On Lessons and Living

My therapist likes to find lessons in pretty much every problem I have. She always says, “And what did you learn from this?” and I’m supposed to say something about evidence and supporting facts and the resilience of the human spirit. In reality, I shrug with one shoulder, and, if I’m feeling especially lighthearted, I give her a snarky comment. This always makes her smile and shake her head, and then she asks me what I really learned.

The first time she did this, it was right after a breakup. My now-ex-boyfriend had been lying to me, and, by the end of it all, I felt broken down and deeply confused. “And what did you learn from this?”

It was too soon, and I was too hurt, so I smiled smugly and said, “I can’t trust anyone, ever again, ever.”

She actually laughed out loud, then corrected me, giving me the answer she was looking for.  

I don’t remember what she said though. 

I started therapy almost three years ago. I was nineteen, and, at the time, in deep denial about an eating disorder that was slowly taking my freedom with the pounds it took from my body. Eventually, I owned up to it. I needed help. I had lost a lot of weight, my hair was falling out, and, quite frankly, I was sick of counting calories.

I’m not sure what I expected, but I know I didn’t expect to sit down and promptly burst into tears at the first mention of my eating disorder. For the first four months, I didn’t get through a single session without tearsand lots of them.

Recovery sucked. I was constantly bloated, sometimes constipated, and often nauseous. I had to take probiotics. I cut my hair up to my shoulders because it was so thin and dull that I couldn’t stand looking at it.  Going out to dinner was a painstakingly stressful experience. If I’m being honest, it still is. (I turned 22 last week. You do the math.)

What seemed to be the worst part about the whole ordeal was that I never looked like I had an eating disorder. I wasn’t scrawny or emaciated. I was thin, yes, but I wasn’t the kind of thin that lands you in a hospital with a feeding tube.  Even my parents were surprised to learn about my eating disorder, despite all of the abnormal behaviours and weird food rituals. And how could I recover from something I didn’t even feel sick enough from in the first place?

The answer was slowly, and honestly, not that differently from other eating disorder sufferers. The truth of the matter is everyone recovers differently, and everyone’s eating disorder looks different. On me, it was muscles and bones and a lot more damage on the inside than the out. Freshman year, I lost fifteen pounds; I was the thinnest I had ever been. After my 8 AM gym session and three hours of classes, I was drained.  I didn’t have energy to leave my bed. Even standing up to go to the bathroom left me lightheaded, dizzy, and on the verge of blacking out. Hanging out with friends was nearly impossible. I hated the dining halls because I couldn’t count calories or measure my food, and restaurants were even worse. I planned my life around when I could go to the gym. First semester, there were only two days when I skipped the gym, and one of them was the day I flew home at noon.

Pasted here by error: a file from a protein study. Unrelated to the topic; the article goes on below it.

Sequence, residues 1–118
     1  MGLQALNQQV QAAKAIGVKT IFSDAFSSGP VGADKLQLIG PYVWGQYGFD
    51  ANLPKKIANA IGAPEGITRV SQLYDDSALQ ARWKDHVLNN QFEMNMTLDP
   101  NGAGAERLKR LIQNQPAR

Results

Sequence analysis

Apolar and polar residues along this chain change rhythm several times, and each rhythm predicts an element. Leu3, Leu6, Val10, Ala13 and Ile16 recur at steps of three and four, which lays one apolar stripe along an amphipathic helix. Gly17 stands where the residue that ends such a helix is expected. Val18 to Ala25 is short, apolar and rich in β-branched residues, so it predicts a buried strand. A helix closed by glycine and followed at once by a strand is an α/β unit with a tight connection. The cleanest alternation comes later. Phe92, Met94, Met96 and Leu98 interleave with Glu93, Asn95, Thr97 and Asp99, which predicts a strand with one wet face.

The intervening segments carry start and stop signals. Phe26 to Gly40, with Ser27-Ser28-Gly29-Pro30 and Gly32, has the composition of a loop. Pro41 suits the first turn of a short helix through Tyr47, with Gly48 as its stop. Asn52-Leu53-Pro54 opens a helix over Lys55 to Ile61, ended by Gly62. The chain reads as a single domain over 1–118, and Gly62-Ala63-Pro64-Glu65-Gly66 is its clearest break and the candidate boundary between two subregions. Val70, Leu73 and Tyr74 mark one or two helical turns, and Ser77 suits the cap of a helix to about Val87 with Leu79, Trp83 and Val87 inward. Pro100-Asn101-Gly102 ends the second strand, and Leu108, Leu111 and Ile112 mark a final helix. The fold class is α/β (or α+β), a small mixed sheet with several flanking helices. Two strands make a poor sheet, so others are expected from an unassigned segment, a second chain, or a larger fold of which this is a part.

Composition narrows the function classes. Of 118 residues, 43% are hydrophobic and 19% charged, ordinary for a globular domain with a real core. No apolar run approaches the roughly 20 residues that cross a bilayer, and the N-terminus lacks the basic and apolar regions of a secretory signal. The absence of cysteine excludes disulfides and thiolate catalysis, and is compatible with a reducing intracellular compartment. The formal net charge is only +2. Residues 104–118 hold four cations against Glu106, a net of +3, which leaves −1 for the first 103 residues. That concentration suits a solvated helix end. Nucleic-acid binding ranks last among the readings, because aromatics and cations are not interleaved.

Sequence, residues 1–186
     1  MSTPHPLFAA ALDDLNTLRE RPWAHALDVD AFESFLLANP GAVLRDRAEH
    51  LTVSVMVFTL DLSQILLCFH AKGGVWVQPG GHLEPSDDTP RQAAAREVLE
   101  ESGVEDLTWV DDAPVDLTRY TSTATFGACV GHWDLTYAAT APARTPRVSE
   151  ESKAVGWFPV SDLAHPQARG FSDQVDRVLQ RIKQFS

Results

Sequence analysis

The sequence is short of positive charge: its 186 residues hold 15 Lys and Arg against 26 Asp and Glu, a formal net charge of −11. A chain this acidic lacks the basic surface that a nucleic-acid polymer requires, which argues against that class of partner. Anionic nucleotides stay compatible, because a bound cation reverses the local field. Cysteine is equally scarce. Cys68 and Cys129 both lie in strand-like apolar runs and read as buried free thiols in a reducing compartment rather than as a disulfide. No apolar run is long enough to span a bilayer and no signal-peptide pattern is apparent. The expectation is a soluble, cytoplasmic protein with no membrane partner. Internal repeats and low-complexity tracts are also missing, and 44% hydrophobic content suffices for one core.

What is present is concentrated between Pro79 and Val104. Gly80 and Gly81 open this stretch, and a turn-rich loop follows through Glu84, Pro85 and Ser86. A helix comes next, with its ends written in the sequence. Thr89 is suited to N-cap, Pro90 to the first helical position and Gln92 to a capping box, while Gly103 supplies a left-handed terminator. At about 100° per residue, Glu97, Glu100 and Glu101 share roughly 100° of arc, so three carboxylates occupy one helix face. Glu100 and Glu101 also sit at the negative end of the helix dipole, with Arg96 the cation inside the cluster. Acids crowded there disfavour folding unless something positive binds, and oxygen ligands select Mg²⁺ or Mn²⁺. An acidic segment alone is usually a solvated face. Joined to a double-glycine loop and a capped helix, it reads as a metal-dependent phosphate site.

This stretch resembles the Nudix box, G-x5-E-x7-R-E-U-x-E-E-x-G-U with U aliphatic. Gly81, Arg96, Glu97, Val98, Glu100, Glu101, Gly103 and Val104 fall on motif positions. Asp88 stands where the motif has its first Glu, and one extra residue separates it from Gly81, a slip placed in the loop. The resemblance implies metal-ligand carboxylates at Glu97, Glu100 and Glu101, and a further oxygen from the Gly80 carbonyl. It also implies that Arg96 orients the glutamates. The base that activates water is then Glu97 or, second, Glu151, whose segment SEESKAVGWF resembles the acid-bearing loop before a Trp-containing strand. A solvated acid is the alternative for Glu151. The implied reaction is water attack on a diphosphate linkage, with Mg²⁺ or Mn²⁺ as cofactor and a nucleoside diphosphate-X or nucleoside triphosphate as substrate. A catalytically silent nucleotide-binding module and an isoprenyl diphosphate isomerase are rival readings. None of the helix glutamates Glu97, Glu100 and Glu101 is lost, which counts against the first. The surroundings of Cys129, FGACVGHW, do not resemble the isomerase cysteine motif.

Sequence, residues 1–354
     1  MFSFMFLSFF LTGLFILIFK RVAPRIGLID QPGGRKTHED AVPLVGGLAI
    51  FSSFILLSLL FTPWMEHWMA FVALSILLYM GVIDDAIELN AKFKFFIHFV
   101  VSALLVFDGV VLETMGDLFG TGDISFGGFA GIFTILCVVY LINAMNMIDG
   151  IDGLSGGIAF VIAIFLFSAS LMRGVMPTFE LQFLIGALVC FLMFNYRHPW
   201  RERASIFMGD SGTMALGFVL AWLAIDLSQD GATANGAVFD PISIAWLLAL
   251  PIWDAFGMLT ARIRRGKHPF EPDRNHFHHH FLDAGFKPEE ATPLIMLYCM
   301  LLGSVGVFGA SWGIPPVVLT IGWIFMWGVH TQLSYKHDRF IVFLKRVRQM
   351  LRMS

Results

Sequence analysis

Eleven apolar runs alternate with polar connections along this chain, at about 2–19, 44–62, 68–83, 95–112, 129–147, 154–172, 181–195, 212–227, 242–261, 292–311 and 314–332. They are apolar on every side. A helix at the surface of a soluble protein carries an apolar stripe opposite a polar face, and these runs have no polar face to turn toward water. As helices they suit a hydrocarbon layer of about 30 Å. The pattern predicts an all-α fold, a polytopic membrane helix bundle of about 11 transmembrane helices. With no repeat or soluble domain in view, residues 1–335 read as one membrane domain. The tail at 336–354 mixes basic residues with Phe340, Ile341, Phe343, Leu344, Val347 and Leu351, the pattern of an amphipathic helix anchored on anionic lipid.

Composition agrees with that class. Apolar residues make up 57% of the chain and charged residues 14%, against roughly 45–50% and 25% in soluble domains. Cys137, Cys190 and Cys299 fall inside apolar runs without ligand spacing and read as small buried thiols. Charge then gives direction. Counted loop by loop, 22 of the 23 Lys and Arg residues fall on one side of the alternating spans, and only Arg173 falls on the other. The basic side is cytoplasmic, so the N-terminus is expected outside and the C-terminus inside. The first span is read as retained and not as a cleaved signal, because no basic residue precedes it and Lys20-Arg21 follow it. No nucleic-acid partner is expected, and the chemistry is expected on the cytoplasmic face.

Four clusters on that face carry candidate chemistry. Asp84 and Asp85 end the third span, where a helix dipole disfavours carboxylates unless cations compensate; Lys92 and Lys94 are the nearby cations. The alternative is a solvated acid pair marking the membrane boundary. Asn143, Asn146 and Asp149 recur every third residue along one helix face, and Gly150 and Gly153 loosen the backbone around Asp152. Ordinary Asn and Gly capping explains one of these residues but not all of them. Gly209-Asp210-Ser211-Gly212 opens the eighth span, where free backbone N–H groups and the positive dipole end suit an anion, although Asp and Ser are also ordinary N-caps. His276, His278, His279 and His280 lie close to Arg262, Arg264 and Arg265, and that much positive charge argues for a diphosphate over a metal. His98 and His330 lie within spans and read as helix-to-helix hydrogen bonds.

Fast-forward four years. I just graduated college. I don’t stress about going to to eat, and if I do, I find other ways to calm down, not just refusing to go. I go to the gym twice a week, schedule permitting. I have enough energy to go to class and work. Weekends are spent backpacking, skiing, or beaching, depending on the season. One of my favourite ways to unwind is sitting on the couch, eating too much Nutella and too many pretzels with my boyfriend while we watch Netflix. These are all things I never would have imagined I had the ability to do three years ago.

I often think of what my therapist would say about my eating disorder. And what did you learn from this?

I would probably shrug with one shoulder, but I don’t think I’d laugh it off. Not this time. Counting calories does not make me calmer, even though I think it does. I really like having a routine. Going to the gym is more fun when you don’t have to burn 500 calories. Cereal tastes better when you don’t measure it. Yoga isn’t useless. Some days are way harder than others. I’m strong as hell.

And: eating disorders have no place in a full, happy life.

By Rachel Pfeffer
Photos by Jamie Goldberg

1 comment

  1. this actually brought tears to my eyes. thank you for sharing, rachel. not only was this incredibly well written, but so important.